B.4 OUR FORMATS
the years we have settled on a production season consisting of five “public”
preparations plus the touring shows of the SPU University Players.
Each year we also strive to accommodate a number of “invitation-only”
class and laboratory productions as they are brought forward and can be fitted
around the dates and energy requirements of the remainder of the season.
It is the belief of the faculty that any fewer productions will not adequately
satisfy student needs for experience—the number of production preparation
opportunities and the needful variety of stylistic exposures—but
that any consistently scheduled additions will (given our present personnel and
financial limitations) send us all into hiding under our desks.
Actually, under your desk is not a bad place to be when other sanctuary
fails. Who bothers to look?
Our seasonal plan acknowledges the fact that theatre can and does exist
in all manner of circumstances:
It can be highly formal in its presentation, carefully
controlling the company-to-audience messaging process, or as informal
as a group of friends showing off for each other like children at play, creating
nothing but delightful interaction. We are obliged
to explre both formal and informal presentations.
It can be performed
nearly anywhere: outdoor amphitheaters, specifically designed and well
equipped performance spaces, “found” (and usually poorly equipped)
spaces, church sanctuaries, gymnasiums, classrooms, even grassy patches.
Most anywhere. We must be prepared for all
to extend experience in all these preparations, our production schedule
is divided into mainstage, studio, laboratory, and touring formats, the latter
primarily through the work of the University Players.
important to note that our program attaches no value to the artistic
distinctions between the various types of presentation.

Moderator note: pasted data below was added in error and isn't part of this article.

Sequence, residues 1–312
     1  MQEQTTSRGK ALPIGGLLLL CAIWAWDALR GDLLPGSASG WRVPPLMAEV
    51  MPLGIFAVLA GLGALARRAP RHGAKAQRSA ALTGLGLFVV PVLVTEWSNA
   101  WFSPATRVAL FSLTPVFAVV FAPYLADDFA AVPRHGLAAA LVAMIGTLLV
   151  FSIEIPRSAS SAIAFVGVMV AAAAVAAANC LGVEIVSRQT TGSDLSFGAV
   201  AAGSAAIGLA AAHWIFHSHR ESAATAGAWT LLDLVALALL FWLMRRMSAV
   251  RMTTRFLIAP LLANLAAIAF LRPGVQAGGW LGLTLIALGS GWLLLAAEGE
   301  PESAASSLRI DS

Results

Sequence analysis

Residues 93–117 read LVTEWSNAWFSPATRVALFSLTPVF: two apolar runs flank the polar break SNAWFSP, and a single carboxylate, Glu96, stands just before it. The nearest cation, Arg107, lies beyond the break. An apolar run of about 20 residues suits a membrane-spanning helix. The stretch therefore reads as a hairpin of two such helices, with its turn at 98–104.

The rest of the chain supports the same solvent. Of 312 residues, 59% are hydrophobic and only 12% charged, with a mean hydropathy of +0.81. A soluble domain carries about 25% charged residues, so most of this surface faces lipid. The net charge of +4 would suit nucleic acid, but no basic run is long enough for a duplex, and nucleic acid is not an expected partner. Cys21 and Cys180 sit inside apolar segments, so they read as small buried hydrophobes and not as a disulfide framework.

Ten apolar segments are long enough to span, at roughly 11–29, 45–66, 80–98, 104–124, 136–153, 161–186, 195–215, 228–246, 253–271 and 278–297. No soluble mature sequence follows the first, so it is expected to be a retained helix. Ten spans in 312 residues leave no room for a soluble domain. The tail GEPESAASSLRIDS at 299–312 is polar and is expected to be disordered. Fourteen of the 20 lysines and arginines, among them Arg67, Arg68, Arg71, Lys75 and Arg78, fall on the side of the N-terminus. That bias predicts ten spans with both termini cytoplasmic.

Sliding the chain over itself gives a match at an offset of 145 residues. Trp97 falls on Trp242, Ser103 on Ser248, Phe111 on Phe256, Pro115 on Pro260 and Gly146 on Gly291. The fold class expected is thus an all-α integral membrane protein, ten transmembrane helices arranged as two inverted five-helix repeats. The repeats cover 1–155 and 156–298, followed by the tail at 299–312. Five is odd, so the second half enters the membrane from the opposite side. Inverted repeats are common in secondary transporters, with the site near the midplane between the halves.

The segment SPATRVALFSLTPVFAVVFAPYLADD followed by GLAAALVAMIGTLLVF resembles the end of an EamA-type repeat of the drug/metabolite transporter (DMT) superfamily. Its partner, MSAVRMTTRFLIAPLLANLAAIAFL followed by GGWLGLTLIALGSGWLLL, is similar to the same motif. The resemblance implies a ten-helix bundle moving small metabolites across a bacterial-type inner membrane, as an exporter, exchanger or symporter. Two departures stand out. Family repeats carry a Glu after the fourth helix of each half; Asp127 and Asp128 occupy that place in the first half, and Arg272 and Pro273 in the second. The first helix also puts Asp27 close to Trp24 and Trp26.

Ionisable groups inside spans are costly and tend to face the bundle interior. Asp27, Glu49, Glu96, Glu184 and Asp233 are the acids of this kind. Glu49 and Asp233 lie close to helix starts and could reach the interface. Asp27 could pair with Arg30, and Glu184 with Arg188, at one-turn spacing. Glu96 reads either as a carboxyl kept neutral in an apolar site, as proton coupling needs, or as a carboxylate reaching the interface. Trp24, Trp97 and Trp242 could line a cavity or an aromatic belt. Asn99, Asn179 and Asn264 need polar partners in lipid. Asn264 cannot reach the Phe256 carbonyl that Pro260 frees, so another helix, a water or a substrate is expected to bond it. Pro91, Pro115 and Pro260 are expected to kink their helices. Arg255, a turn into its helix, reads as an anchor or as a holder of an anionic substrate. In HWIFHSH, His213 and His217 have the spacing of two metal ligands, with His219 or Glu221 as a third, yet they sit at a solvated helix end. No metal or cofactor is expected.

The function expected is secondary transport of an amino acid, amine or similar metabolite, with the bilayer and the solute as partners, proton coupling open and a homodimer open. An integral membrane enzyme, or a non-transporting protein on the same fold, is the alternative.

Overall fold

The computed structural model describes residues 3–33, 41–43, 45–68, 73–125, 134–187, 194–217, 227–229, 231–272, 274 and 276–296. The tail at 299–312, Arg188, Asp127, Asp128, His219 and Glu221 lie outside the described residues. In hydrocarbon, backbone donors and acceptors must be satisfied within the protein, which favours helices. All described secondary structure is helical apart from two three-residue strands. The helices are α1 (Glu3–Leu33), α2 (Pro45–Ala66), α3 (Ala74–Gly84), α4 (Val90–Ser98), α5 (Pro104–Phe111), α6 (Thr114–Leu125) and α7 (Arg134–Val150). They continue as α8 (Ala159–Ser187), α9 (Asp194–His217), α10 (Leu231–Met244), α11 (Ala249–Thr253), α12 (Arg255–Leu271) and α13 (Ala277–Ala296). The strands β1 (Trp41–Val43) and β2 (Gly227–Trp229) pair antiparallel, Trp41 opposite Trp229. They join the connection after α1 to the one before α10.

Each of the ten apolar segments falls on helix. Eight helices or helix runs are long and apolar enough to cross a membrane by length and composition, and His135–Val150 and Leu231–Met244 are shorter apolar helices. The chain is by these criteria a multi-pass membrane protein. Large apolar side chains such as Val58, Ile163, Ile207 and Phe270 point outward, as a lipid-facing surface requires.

For example. when you are cast in or stage manage a studio production,
the artistic requirements of your task are of equal value to similar work you
will do on a mainstage production. Designing and operating
the sound plot for a University Players show demands the same creativity and discipline
as does the similar assignment for either a studio or mainstage presentation.
The learning you gain from directing and putting together your own material
for a laboratory production, or designing the light plot for a studio production,
or costuming a student production, is of equal (and oftentimes greater) value
to your development as an artist as is effort expended
on a larger mainstage production.
lie, of course, in the scope of the artistic task.
But the size of the role or the length of the script are false measurements
of artistic achievement. As are the number of people
in the audience for a given performance, or the aggregate number who see a given
production. Is the production of Cats
on Broadway of greater value than The Three Little Kittens in
an elementary school? Of different
value, perhaps, but greater?
are questions for you to wrestle with during the period of your training.
But for our purposes, the University Theatre production program must
focus on artistic viability and on educational appropriateness for measurement